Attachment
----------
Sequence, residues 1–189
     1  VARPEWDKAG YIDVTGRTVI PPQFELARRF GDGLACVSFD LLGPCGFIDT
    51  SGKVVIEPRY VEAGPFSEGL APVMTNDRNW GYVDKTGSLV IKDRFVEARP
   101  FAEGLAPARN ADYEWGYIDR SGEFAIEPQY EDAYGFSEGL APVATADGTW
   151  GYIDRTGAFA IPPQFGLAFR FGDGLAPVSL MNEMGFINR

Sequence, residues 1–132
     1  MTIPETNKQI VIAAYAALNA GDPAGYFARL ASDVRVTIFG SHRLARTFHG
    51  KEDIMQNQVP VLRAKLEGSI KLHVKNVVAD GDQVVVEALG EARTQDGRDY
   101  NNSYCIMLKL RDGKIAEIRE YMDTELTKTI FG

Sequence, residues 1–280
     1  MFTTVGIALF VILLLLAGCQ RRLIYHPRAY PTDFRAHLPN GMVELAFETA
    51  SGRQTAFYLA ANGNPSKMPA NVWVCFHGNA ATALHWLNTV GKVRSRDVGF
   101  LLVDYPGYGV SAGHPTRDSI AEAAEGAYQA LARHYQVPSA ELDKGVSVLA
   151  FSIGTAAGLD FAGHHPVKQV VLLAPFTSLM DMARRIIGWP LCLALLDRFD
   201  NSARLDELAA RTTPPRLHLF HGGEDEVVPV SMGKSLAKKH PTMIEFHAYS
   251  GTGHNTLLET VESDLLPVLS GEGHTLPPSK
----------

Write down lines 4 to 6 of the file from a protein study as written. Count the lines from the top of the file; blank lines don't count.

   101  FAEGLAPARN ADYEWGYIDR SGEFAIEPQY EDAYGFSEGL APVATADGTW
   151  GYIDRTGAFA IPPQFGLAFR FGDGLAPVSL MNEMGFINR

Sequence, residues 1–132